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Is it possible to provide an example of creating a Multimap<String, String> using Spring?

I am curious in looking at how it would be done in the application context XML file.

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Not easy, since the Multimap classes are not javabean-compliant. What sort of thing would you like to able to do? –  skaffman Jan 7 '11 at 12:13

1 Answer 1

up vote 5 down vote accepted

Google Collections is deprecated in favor of Guava, so I will answer regarding Guava.

I will use this Bean class:

public class Bean{
    private Multimap<String, String> map;
    public void setMap(Multimap<String, String> map){
        this.map = map;
    }
}

The only Guava Multimap factory method you can easily wire (with XML only) is the Multimaps.forMap(existingMap) method. Here's the XML:

<bean class="foo.bar.Bean">
    <property name="map">
        <bean class="com.google.common.collect.Multimaps"
            factory-method="forMap">
            <constructor-arg>
                <bean class="java.util.HashMap" />
            </constructor-arg>
        </bean>
    </property>
</bean>

If you want one of the more complicated Supplier-based methods in the Multimaps class, you will have to create the Suppliers as Java Classes. If you just want a primitive instantiating Supplier, you can create that as a Spring FactoryBean:

public class SupplierFactoryBean<T> extends AbstractFactoryBean<Supplier<T>>{

    private final Class<T> type;
    private final Supplier<T> supplier;

    public SupplierFactoryBean(final Class<T> type){
        this.type = type;
        this.supplier = new Supplier<T>(){
            @Override
            public T get(){
                try{
                    return type.newInstance();
                } catch(final Exception e){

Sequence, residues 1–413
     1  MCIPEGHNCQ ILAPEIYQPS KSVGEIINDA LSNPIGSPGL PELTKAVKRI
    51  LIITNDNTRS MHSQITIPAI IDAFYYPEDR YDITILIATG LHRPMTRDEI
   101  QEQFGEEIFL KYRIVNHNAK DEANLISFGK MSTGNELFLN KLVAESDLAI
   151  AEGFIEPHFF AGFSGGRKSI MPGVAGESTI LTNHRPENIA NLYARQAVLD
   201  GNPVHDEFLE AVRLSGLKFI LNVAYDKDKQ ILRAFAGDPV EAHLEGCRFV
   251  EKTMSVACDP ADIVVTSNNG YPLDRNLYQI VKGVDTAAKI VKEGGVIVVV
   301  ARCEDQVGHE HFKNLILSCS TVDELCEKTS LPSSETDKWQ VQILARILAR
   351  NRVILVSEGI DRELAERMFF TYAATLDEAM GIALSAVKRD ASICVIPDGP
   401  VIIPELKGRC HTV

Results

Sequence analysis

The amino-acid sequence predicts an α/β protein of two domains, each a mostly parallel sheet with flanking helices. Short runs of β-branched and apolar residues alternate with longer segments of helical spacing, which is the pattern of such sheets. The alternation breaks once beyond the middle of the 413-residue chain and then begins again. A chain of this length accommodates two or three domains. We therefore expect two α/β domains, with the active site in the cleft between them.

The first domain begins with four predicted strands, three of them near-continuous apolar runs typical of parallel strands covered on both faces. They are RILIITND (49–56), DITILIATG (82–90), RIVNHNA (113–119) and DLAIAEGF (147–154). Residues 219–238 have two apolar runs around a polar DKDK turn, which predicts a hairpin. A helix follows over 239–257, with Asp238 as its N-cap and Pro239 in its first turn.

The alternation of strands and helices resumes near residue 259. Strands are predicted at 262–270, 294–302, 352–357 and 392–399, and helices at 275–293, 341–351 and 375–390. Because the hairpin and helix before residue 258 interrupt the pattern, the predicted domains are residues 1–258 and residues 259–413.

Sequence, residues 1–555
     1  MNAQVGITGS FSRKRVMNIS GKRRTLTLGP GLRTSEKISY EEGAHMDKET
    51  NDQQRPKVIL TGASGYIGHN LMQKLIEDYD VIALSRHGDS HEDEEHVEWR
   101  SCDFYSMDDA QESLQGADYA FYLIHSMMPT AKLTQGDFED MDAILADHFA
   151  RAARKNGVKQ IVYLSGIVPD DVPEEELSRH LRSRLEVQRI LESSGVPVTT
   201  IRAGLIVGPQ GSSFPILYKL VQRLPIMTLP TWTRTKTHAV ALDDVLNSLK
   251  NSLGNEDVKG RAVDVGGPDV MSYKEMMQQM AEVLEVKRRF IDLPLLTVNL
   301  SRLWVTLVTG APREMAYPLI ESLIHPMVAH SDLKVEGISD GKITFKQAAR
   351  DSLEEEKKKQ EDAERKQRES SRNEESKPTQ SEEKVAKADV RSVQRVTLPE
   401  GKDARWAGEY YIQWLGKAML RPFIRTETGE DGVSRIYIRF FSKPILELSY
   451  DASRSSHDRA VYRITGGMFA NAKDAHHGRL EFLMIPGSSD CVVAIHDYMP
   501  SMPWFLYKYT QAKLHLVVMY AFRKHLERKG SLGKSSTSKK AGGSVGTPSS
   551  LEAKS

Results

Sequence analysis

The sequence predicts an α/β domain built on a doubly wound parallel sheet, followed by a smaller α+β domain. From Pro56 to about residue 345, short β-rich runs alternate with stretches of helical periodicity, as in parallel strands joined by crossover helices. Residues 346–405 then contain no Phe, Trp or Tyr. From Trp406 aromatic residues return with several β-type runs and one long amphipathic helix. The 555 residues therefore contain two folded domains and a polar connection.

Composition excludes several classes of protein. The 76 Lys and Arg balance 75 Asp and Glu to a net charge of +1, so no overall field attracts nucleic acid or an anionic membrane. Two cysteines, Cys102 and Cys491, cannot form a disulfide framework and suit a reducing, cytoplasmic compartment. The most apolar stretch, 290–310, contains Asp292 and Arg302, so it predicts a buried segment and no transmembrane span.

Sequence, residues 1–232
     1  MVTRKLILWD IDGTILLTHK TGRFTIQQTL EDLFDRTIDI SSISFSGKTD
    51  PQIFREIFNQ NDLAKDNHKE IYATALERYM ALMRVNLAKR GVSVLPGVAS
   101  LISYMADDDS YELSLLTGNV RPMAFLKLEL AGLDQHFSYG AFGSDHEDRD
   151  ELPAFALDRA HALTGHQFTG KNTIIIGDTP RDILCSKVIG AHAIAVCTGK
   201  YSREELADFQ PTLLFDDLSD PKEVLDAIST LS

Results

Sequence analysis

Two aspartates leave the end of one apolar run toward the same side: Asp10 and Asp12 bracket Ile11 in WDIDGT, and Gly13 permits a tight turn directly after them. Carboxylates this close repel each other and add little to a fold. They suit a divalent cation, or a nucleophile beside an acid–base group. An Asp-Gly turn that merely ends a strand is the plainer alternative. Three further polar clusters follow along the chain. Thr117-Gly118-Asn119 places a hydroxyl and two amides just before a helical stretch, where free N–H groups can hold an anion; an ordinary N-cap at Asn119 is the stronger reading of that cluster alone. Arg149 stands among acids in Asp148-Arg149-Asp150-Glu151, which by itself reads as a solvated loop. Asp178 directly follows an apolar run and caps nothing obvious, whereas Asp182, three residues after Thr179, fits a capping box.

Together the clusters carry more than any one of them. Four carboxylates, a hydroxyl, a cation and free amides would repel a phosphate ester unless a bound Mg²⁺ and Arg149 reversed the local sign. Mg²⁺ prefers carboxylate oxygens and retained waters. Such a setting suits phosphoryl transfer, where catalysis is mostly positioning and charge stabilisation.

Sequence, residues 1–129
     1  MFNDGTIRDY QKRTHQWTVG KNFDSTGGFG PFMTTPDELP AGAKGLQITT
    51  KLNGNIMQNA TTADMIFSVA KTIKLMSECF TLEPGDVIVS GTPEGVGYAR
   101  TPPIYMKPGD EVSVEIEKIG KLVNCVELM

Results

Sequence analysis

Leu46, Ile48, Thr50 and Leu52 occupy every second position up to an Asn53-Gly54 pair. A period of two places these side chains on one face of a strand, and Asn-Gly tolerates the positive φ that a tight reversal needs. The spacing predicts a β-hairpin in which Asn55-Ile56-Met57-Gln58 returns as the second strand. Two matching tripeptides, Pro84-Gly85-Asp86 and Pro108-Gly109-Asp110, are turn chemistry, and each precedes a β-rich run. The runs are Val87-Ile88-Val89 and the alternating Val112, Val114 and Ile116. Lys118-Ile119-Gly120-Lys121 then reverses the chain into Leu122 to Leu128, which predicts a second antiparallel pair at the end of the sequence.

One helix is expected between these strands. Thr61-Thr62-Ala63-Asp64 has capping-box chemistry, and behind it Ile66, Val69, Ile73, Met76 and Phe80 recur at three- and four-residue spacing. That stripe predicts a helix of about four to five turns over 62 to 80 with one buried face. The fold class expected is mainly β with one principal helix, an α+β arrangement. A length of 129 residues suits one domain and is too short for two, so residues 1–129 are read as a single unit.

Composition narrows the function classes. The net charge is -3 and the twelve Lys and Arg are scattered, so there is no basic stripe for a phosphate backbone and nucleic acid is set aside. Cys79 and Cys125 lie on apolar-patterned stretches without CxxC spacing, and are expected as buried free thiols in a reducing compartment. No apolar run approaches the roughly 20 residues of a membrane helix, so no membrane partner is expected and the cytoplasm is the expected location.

throw new IllegalStateException(e);
                }
            }
        };
    }

    @Override
    public Class<?> getObjectType(){ return type; }

    @Override
    protected Supplier<T> createInstance() throws Exception{
        return supplier;
    }
}

(You may also model the above as a Supplier class without a FactoryBean, the Spring usage remains the same. Just make sure it returns a new instance for every call.)

Now you can wire the more complicated methods. Example:

<bean class="foo.bar.Bean">
    <property name="map">
        <bean class="com.google.common.collect.Multimaps"
            factory-method="newSetMultimap">
            <constructor-arg>
                <bean class="java.util.HashMap" />
            </constructor-arg>
            <constructor-arg>
                <bean class="foo.bar.SupplierFactoryBean">
                    <constructor-arg value="java.util.TreeSet" />
                </bean>
            </constructor-arg>
        </bean>
    </property>
</bean>

Both examples above use static factory methods. Here's the corresponding chapter in the Spring Reference: 3.3.2.2 Instantiation with a static factory method

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